The U.S. Postal Service dedicated a stamp to Harvey Milk, one of the nation’s first openly gay elected officials, in a White House ceremony Thursday.
“This stamp reflects our longstanding commitment to civil rights,” said Deputy Postmaster General Ronald Stroman. “Harvey Milk joins other civil rights pioneers who have been honored with stamps including Martin Luther King, Jr. and Caesar Chavez.”
Milk was a San Francisco city supervisor when he and Mayor George Moscone were assassinated at city hall Nov. 27, 1978, by a former city supervisor. Milk was posthumously awarded a Medal of Freedom in 2009. Thursday would have been his 84th birthday.
Milk was honored by officials including United Nations Ambassador Samantha Power, House Speaker Nancy Pelosi (D-Calif.), Rep. John Lewis (D-Ga.) and Sen. Tammy Baldwin (D-Wis.), the first openly lesbian woman to serve in Congress.
“Standing here as a United States senator and a lesbian, it’s incredible to look back upon a time when running for San Francisco supervisor as an openly gay man seemed like a revolutionary act, and Harvey knew that. He welcomed the attention, he weathered the insults, he shrugged off the death threats. And it wasn’t to satisfy his own ambition but rather to answer the call he felt, to move the cause of equality forward,” Baldwin said. “He ran for office so others wouldn’t have to run from who they were. He spoke out so others wouldn’t feel compelled to live in silence.”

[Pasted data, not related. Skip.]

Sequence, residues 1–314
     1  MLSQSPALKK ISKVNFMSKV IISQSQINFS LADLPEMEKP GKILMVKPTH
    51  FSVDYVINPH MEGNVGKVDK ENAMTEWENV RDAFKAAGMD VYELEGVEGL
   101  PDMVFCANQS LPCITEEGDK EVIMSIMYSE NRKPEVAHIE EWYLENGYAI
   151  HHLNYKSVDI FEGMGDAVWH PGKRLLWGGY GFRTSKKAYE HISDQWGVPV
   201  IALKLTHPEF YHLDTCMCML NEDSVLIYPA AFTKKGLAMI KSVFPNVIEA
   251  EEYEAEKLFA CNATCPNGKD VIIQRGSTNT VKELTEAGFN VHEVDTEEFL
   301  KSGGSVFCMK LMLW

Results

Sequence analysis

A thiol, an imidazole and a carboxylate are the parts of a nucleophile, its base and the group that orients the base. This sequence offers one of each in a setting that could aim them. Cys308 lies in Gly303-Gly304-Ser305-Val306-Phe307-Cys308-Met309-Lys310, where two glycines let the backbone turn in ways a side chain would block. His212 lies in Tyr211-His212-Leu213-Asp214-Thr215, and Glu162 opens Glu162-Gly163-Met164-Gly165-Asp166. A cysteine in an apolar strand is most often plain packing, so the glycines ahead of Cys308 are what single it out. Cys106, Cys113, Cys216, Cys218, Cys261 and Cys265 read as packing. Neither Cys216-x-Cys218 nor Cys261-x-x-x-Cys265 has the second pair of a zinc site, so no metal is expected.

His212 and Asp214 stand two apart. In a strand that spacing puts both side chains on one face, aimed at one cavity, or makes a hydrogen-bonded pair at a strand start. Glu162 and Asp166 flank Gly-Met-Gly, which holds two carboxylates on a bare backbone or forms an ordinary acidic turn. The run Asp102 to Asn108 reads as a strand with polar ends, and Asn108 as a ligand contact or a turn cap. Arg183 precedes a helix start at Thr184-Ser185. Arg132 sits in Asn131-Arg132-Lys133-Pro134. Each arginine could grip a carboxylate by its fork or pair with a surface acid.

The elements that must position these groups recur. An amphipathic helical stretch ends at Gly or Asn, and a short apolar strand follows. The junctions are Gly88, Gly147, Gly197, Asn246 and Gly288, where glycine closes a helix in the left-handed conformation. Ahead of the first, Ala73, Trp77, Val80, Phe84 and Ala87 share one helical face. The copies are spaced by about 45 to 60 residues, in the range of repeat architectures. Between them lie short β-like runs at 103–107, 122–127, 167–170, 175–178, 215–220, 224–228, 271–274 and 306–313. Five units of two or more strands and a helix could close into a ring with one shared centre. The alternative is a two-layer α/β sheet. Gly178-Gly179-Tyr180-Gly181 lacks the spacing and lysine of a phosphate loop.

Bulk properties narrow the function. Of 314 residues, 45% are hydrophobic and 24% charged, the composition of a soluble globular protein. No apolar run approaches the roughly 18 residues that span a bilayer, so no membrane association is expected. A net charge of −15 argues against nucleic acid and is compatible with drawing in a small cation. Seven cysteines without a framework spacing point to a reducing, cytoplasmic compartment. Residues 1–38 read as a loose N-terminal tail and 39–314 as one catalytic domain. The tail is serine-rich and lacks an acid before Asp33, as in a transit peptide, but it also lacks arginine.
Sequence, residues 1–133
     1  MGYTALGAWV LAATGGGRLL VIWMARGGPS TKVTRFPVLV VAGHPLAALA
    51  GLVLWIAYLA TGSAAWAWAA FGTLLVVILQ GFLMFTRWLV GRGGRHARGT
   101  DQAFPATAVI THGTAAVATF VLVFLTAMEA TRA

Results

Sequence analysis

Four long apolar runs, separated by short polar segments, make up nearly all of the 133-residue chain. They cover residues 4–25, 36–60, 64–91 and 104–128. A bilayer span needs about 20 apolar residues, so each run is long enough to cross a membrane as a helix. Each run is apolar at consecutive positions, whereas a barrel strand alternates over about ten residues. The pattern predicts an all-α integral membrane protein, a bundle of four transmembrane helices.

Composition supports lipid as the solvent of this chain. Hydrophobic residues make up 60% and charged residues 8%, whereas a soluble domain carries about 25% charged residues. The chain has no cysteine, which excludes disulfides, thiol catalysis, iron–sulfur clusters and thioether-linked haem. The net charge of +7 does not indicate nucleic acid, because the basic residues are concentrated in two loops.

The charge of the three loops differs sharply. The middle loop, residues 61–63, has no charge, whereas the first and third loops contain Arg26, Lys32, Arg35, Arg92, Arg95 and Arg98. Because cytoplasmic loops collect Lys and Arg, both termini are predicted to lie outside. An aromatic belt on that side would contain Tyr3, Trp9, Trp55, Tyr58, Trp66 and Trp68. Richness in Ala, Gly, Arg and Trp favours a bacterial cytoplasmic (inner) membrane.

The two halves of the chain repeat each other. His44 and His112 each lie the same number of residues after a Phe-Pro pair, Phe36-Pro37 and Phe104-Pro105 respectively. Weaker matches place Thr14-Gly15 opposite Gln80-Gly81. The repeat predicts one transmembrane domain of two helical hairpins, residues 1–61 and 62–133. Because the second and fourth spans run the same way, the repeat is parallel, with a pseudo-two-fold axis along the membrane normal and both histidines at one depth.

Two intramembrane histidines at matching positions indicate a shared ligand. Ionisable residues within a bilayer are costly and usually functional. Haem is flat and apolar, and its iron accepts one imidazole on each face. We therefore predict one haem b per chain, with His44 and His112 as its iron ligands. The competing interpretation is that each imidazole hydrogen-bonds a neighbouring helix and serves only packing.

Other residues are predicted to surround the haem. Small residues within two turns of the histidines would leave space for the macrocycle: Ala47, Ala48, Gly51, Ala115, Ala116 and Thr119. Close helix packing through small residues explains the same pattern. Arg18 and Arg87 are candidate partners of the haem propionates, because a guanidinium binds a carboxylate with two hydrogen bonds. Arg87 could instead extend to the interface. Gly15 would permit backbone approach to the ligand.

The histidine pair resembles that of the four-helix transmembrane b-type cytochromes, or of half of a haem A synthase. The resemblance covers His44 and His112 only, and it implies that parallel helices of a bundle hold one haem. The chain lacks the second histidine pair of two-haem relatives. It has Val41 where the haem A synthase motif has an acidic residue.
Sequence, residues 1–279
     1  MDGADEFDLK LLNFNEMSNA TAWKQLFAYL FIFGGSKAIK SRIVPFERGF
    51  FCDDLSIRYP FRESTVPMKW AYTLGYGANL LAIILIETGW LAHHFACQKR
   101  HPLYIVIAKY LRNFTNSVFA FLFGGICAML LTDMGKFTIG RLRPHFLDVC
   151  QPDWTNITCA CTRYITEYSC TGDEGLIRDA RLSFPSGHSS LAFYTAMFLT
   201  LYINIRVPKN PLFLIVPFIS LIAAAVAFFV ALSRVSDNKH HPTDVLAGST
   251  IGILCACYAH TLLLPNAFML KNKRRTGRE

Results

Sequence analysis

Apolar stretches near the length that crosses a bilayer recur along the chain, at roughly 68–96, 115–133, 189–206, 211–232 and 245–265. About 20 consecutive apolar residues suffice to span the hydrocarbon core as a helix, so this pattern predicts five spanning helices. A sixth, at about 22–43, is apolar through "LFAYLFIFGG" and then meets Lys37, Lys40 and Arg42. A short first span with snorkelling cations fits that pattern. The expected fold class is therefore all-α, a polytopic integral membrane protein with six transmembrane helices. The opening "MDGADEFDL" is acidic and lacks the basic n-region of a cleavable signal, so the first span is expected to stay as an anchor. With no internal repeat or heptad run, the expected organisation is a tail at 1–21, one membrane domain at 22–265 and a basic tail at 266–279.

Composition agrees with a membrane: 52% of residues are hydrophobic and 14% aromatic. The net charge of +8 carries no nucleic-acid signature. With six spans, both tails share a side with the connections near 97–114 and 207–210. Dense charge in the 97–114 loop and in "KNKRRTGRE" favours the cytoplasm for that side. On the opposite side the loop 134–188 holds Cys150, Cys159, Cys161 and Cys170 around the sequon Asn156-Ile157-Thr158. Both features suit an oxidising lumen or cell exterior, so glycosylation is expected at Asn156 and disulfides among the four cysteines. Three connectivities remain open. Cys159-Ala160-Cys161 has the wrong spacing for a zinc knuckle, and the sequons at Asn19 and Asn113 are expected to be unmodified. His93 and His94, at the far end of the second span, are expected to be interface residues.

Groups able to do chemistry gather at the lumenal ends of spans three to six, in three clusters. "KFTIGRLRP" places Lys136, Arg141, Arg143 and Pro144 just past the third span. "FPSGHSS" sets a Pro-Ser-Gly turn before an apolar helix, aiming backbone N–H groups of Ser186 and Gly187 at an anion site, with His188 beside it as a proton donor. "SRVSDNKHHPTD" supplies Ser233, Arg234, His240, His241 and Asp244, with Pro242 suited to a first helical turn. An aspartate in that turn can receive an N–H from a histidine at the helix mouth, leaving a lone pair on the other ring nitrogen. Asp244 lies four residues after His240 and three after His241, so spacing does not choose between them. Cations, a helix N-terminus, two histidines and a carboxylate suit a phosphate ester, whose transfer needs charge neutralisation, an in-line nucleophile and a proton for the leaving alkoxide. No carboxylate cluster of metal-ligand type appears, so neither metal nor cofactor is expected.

After receiving a number of death threats, Milk, who urged gay men and lesbians to come out of the closet, recorded a message stating, "If a bullet should enter my brain, let that bullet shatter every closet door."
Now, Stroman said Thursday, "almost 40 years later, there are far fewer closet doors in America.”
Anne Kronenberg, co-founder of the Harvey Milk foundation and campaign manager of Milk's successful election to public office, said it's almost ironic that Milk is on a stamp.
"During our campaign we didn’t have enough money for postage," Kronenberg said. "So Harvey, here you are today on a United States Postage stamp and I say this is a wonderful thing because you will be there forever.”